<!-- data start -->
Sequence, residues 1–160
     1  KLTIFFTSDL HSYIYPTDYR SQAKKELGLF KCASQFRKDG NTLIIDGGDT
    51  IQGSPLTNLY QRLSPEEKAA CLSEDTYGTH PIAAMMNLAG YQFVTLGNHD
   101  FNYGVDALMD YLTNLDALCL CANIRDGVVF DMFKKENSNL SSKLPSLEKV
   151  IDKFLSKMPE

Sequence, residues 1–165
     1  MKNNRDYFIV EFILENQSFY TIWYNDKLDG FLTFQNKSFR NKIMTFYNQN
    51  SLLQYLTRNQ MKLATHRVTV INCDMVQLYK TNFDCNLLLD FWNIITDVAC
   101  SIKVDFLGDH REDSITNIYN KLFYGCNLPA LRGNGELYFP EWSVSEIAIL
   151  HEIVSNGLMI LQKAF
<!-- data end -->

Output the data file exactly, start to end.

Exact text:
Sequence, residues 1–160
     1  KLTIFFTSDL HSYIYPTDYR SQAKKELGLF KCASQFRKDG NTLIIDGGDT
    51  IQGSPLTNLY QRLSPEEKAA CLSEDTYGTH PIAAMMNLAG YQFVTLGNHD
   101  FNYGVDALMD YLTNLDALCL CANIRDGVVF DMFKKENSNL SSKLPSLEKV
   151  IDKFLSKMPE

Sequence, residues 1–165
     1  MKNNRDYFIV EFILENQSFY TIWYNDKLDG FLTFQNKSFR NKIMTFYNQN
    51  SLLQYLTRNQ MKLATHRVTV INCDMVQLYK TNFDCNLLLD FWNIITDVAC
   101  SIKVDFLGDH REDSITNIYN KLFYGCNLPA LRGNGELYFP EWSVSEIAIL
   151  HEIVSNGLMI LQKAF